Posts Tagged “australia”
The Australian state of Victoria has been investigating child abuse within the Roman Catholic Church there. As part of this investigation, Cardinal George Pell, current Archbishop of Sydney and former Archbishop of Melbourne, was questioned by the committee. As The Australian reports, he admitted at least some of what many of us had long suspected, but which most hierarchs had avoided saying (WebCite cached article):
Australia’s most senior Catholic cleric has taken the stage today as the final witness for the Victorian inquiry into how religious and non-government organisations have responded to sexual abuse claims.
Cardinal Pell said while he had personally never covered up offending, it had largely escaped the view of church officials who didn’t know what a “mess” they were presiding over.…
Cardinal Pell agreed under questioning that the fear of scandal led to a cover-up.
“The primary motivation would have been to respect the reputation of the church.
“There was a fear of scandal.”
About the victims, Pell made this excuse we’ve heard already from other hierarchs:
“Many in the church did not understand just what damage was being done to the victims. We understand that better now.”
The hierarchs who’ve said similar, if not identical, things are Rembert Weakland, former Arcbishop of Milwaukee, and Cardinal Roger Mahony, former Archbishop of Los Angeles.
The Age of Melbourne offers this video of Cardinal Pell being questioned (cached):
Interestingly, Pell further conceded that the practice of priest shuffling led to additional pedophilic crimes having been committed. But, I must also note that Pell engaged in a little excuse-making, as described in the Australian article:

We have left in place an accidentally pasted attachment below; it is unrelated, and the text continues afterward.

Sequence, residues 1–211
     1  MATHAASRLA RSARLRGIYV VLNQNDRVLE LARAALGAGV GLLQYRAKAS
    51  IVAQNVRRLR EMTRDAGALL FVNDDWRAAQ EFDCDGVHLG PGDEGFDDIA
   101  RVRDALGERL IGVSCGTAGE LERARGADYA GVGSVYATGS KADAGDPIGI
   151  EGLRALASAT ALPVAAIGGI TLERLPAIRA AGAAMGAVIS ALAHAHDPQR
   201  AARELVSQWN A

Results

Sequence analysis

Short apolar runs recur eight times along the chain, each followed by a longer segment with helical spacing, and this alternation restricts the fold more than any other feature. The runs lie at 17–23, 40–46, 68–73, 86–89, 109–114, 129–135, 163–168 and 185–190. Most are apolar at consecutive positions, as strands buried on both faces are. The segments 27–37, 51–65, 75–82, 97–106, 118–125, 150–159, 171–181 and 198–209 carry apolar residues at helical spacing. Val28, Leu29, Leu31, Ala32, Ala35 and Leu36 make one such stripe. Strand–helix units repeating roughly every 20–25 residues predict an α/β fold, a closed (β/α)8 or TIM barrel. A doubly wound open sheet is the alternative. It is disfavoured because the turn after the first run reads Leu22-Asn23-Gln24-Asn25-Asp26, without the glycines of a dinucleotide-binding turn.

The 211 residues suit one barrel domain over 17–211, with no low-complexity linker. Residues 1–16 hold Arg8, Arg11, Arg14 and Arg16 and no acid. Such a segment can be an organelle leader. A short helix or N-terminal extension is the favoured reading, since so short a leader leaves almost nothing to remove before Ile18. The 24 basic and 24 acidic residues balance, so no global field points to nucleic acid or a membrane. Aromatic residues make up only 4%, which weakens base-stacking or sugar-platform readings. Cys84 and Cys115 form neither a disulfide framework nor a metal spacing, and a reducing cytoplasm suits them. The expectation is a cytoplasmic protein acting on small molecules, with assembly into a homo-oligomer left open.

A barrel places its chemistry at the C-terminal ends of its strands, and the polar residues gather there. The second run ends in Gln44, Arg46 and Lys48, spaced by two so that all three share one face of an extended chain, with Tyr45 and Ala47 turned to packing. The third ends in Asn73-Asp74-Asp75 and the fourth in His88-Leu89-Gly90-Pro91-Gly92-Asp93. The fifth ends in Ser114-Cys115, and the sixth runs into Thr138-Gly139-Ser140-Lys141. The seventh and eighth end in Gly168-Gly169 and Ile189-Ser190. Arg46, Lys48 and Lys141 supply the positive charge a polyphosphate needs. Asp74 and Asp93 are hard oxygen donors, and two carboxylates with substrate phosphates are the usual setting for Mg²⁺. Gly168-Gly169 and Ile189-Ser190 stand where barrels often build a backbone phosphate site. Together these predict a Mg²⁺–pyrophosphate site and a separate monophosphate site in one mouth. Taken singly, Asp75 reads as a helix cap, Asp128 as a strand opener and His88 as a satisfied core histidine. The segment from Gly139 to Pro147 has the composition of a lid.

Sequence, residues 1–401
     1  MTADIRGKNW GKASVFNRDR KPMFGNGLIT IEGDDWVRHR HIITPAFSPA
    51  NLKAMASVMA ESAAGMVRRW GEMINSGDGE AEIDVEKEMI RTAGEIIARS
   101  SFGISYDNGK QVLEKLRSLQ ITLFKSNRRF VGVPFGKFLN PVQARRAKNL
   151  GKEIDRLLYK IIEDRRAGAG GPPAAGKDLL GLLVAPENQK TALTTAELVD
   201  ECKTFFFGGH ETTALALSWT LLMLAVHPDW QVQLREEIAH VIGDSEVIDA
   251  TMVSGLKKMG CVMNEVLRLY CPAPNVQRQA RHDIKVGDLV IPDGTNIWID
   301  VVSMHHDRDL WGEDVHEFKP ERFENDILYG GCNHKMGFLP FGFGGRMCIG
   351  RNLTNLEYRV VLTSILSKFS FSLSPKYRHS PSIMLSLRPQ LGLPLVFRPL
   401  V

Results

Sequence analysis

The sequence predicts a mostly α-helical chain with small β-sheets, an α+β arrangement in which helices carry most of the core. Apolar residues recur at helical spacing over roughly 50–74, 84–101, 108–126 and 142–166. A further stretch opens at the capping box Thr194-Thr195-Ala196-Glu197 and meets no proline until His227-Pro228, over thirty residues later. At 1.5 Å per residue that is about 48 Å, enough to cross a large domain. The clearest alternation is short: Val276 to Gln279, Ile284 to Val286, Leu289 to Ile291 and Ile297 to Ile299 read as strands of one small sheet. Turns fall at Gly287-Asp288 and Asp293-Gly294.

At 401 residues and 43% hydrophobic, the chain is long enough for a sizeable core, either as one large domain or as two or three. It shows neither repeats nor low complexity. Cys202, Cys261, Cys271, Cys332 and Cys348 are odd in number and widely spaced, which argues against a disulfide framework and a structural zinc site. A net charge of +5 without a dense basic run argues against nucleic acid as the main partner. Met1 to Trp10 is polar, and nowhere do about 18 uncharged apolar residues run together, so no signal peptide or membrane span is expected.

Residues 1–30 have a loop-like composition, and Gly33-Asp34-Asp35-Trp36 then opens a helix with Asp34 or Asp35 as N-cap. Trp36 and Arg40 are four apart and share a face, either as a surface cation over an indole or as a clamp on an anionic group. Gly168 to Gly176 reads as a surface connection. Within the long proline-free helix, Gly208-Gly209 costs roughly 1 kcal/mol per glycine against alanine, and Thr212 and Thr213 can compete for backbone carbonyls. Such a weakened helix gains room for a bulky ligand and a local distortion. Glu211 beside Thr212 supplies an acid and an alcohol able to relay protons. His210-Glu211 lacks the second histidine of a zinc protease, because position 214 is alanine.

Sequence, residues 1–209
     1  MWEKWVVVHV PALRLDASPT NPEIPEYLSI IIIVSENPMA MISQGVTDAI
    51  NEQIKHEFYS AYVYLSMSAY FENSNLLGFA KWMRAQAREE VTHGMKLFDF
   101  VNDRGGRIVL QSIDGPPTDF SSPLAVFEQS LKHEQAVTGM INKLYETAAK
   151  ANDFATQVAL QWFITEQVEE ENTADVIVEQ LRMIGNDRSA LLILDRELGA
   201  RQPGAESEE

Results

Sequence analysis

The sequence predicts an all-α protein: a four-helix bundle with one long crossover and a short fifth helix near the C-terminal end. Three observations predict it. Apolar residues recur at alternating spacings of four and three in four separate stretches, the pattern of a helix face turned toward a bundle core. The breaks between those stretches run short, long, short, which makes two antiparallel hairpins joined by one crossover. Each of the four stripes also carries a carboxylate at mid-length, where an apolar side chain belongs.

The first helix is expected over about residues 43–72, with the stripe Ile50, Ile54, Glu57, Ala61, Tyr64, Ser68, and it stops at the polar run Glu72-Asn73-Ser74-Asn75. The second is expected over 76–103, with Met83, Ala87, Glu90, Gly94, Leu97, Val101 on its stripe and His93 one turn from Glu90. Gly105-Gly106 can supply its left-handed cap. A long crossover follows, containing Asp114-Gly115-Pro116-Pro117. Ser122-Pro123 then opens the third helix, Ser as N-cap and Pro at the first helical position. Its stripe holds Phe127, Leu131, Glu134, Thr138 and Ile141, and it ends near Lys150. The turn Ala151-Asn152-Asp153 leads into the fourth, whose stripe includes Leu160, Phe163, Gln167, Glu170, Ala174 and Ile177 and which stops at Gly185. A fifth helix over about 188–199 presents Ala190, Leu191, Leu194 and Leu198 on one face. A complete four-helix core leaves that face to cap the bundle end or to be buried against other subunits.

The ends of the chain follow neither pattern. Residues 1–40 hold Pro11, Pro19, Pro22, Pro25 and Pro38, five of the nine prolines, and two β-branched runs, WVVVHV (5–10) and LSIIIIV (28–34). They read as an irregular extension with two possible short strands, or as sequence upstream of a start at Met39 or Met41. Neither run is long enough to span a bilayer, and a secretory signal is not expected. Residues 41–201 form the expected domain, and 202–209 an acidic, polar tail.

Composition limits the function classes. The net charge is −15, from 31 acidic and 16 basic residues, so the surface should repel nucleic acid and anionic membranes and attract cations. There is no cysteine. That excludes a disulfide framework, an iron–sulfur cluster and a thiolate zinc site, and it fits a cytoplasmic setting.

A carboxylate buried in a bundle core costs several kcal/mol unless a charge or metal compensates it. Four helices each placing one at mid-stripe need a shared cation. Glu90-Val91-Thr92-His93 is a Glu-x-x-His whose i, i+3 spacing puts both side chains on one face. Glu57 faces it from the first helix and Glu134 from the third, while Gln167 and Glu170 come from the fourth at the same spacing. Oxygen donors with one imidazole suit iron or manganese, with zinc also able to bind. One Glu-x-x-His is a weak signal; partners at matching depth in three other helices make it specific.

“If we’d been gossips, which we weren’t … we would have realised earlier just how widespread this business was,” Cardinal Pell said.
This is, of course, nowhere near a valid excuse. If an allegation had been made against a priest that appears to have some weight, it wouldn’t be “gossip” to warn other bishops about him; rather, it’d be “prudent” to do so. I guess I’ll have to add “We’re not gossips!” to the long list of the Church’s sniveling excuses for why it chose not to deal with child abuse by its clergy.
At any rate, what Pell said to the Victoria inquiry is remarkable in its candor, even if he did punctuate it with an excuse or two. Would that more R.C. hierarchs had been as candid.
Hat tip: Red Prince at Pulling to the Left forum on Delphi Forums.
Photo credit: Wikimedia Commons.
, cardinal george pell
, catholic church
, catholic clerical abuse scandal
, catholic clerical child abuse scandal
, george pell
, priestly pedophilia
, priestly pedophilia scandal
, roman catholic
, roman catholic church
, victoria australia
, victoria parliamentary inquiry
1 Comment »
The title of this post sounds like the tagline from some sort of anti-Catholic horror movie. But while what happened in Australia is indeed a horror — and although it sounds quite unbelievable — it’s not fiction at all, and it truly happened. The Catholic Church in that country even plans to apologize for it … so that it occurred is not even in question. ABC News (Australia) reports on the revolting practice of forced adoptions that happened in the mid-20th century (WebCite cached article):